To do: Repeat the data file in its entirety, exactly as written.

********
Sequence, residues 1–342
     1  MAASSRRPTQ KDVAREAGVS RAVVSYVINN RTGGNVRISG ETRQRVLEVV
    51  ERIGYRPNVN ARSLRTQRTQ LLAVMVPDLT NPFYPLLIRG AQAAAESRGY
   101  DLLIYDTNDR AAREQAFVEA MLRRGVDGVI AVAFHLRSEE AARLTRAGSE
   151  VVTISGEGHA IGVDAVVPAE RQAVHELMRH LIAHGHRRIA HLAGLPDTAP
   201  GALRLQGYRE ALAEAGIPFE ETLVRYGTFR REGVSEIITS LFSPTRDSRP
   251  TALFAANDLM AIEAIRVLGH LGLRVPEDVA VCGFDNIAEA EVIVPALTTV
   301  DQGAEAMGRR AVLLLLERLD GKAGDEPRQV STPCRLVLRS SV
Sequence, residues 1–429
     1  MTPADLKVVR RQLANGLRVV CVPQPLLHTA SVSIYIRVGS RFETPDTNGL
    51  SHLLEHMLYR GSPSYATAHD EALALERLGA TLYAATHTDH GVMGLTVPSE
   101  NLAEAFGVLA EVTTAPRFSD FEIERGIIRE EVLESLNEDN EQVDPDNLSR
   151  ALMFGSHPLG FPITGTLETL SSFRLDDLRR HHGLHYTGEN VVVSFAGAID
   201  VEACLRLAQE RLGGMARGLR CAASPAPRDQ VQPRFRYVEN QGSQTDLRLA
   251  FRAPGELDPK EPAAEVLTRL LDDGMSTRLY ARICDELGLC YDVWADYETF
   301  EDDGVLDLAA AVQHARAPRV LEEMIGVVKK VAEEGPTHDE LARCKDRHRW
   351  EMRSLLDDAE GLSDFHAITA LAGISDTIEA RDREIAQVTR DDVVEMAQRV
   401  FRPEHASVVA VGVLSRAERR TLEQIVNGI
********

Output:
Sequence, residues 1–342
     1  MAASSRRPTQ KDVAREAGVS RAVVSYVINN RTGGNVRISG ETRQRVLEVV
    51  ERIGYRPNVN ARSLRTQRTQ LLAVMVPDLT NPFYPLLIRG AQAAAESRGY
   101  DLLIYDTNDR AAREQAFVEA MLRRGVDGVI AVAFHLRSEE AARLTRAGSE
   151  VVTISGEGHA IGVDAVVPAE RQAVHELMRH LIAHGHRRIA HLAGLPDTAP
   201  GALRLQGYRE ALAEAGIPFE ETLVRYGTFR REGVSEIITS LFSPTRDSRP
   251  TALFAANDLM AIEAIRVLGH LGLRVPEDVA VCGFDNIAEA EVIVPALTTV
   301  DQGAEAMGRR AVLLLLERLD GKAGDEPRQV STPCRLVLRS SV
Sequence, residues 1–429
     1  MTPADLKVVR RQLANGLRVV CVPQPLLHTA SVSIYIRVGS RFETPDTNGL
    51  SHLLEHMLYR GSPSYATAHD EALALERLGA TLYAATHTDH GVMGLTVPSE
   101  NLAEAFGVLA EVTTAPRFSD FEIERGIIRE EVLESLNEDN EQVDPDNLSR
   151  ALMFGSHPLG FPITGTLETL SSFRLDDLRR HHGLHYTGEN VVVSFAGAID
   201  VEACLRLAQE RLGGMARGLR CAASPAPRDQ VQPRFRYVEN QGSQTDLRLA
   251  FRAPGELDPK EPAAEVLTRL LDDGMSTRLY ARICDELGLC YDVWADYETF
   301  EDDGVLDLAA AVQHARAPRV LEEMIGVVKK VAEEGPTHDE LARCKDRHRW
   351  EMRSLLDDAE GLSDFHAITA LAGISDTIEA RDREIAQVTR DDVVEMAQRV
   401  FRPEHASVVA VGVLSRAERR TLEQIVNGI